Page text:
What began as a nonchalant Wednesday night ended with full-force rhythm-making, booty-shaking domination by King Ayisoba over by a small roundabout in Oslo, the Crossroads Club. The initial attendance lacked, with few shyly tucked on the sides of the venue surround. Zea, aka Arnold de Boer from The Ex kicked off around 9:30, warming up the stage as he ratt-at-tatted tunes over a beatbox and improvised sampling. Norwegian politeness still had a hold on the place, made apparent at his one tune, “It’s Quiet” where in no other place then Norway, could you hear a pin drop from the crowd. Not even a murmur. He spoke/sang in his plaintive manner, “It’s quiet. It’s quiet. No wind no trees no water. It’s quiet. It’s quiet. No talk not anything like it.”
Arguably, the best tracks were when he was not quiet. Quirky, angular (as to be expected from an Ex member), he got heads nodding at his wild, electronic heaps of rhythm. Others still seemed to wake up when he announced a Leadbelly cover “Bourgeois Blues”. Though this particular writer felt he slightly butchered the soulful original (to be fair, the Anglo dry take could very well been the point of the adaptation)– members cheered as he invited King Ayisoba on stage, and got a first glimpse at the King’s powerful holler.
Next up, King Ayisoba. Standing alone, he beckoned the crowd, “Are you ready?” “YES!” “Are you happy?” “Yes!” And the night ensued. One of my main observations were the instruments on stage. We knew eventually a band would come up, but it was amazing the sounds produced from what looked like a wooden ball with goat skin stretched over it, and two strings attached. His plectrum was like a massive triangular piece of bark, and he kept paying those two strings, up-and-down getting an incredible precision and effect. I loved that in place of a traditional “bass drum” they had one member who just stomped on the floor, or rather, jumped as high as he could, then plodded the floor with the weight of his entire body for the roaring thump.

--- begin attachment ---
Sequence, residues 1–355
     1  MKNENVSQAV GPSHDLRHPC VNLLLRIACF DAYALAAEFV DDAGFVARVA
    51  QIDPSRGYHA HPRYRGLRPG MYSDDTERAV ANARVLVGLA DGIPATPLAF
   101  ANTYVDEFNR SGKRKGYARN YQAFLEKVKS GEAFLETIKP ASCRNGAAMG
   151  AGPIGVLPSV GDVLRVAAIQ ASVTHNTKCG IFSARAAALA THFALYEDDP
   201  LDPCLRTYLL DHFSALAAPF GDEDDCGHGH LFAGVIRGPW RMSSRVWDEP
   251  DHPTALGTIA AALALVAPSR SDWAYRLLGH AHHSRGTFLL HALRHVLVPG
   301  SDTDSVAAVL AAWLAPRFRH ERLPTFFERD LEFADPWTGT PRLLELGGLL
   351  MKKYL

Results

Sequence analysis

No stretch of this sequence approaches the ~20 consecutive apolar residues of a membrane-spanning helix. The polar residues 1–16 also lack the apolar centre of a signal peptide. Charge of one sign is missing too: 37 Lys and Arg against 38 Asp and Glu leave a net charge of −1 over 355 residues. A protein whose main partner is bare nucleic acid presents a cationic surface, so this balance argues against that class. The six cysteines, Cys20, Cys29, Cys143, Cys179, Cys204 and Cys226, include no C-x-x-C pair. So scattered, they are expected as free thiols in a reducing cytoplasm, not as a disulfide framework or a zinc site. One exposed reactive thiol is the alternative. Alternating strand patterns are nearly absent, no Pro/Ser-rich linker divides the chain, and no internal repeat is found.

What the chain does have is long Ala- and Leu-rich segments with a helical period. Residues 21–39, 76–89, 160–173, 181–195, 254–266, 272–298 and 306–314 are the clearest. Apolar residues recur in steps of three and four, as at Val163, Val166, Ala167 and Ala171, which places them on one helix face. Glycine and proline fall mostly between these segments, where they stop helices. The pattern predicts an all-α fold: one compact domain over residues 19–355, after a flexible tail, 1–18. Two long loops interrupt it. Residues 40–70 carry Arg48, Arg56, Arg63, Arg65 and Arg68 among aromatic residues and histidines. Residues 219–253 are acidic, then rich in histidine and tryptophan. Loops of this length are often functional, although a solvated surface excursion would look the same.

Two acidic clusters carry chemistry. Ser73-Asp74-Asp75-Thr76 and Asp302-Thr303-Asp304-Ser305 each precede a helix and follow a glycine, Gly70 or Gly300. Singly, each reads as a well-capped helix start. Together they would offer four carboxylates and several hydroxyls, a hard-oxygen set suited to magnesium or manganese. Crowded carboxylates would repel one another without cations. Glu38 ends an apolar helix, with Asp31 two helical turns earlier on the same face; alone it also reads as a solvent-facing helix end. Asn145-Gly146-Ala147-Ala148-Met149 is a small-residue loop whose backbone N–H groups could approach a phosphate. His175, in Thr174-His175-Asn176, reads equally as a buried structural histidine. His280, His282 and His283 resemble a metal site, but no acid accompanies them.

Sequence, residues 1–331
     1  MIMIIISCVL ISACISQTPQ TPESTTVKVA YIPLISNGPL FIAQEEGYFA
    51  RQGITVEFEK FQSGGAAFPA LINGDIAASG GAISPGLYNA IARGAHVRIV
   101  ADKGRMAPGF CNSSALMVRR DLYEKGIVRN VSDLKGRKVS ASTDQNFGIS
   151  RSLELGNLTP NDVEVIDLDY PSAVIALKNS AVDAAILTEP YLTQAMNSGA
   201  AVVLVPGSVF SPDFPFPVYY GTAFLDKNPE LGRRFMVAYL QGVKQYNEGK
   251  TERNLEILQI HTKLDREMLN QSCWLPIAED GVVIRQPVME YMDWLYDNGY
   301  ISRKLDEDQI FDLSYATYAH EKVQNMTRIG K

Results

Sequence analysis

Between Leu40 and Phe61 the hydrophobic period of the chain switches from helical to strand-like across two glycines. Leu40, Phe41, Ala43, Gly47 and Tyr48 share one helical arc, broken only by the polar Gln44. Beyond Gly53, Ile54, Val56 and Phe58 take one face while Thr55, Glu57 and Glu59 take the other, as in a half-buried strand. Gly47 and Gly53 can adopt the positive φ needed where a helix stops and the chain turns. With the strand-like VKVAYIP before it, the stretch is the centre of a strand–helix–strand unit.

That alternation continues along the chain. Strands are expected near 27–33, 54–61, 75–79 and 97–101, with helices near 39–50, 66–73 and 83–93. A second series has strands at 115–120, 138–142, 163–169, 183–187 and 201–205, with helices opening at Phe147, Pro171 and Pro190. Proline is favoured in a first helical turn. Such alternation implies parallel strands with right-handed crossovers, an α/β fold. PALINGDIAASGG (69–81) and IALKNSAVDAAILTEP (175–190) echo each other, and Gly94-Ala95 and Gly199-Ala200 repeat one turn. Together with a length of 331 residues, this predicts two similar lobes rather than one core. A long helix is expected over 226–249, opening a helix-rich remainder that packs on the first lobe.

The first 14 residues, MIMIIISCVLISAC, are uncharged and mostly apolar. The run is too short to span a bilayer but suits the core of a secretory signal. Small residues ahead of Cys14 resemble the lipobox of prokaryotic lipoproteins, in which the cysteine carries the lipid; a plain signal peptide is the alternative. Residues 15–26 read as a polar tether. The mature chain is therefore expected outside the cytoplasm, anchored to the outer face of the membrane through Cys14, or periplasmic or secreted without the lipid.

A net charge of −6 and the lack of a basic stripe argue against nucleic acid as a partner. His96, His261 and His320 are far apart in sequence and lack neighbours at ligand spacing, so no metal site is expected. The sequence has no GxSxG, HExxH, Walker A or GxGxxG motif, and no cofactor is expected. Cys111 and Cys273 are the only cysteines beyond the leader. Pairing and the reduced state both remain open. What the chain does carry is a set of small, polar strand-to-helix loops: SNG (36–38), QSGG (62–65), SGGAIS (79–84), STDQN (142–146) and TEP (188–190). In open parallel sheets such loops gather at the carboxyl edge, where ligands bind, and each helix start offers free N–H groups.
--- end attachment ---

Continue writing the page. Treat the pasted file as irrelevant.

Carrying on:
By the time the band had joined, most of the crowd had got up on their feet. What looked like local Africans who’d heard about the gig were first ones to command the dance floor. Over the entirety of the first hour, there seemed like no more then three songs were played, improvised upon, and repeated. However, the hypnotic beat kept the crowd in a groove, with occasional wafts of herbal courage and cologne. King Ayisoba’s vocal prowess came through as he often switched between two personas– with a bold, deep rumble and an almost Satanic, ear-splitting shriek that’d shake it all up.
All in all, a great night and the biggest gathering of Bad Sounds writers/photographers to date. Other highlights included when the band took a “break” and one member returned to do a few solo songs. Powerful melodies from their native land Ghana, the crowd remained captivated to the end, including a ladies-pleaser about, “Women can do everything a man can, and more.” Those who didn’t stay through the two-hour entirety merely withered home out of exhaustion from all the smiles and dancing.
Thanks to Karim Mansour and The Crossroads Club.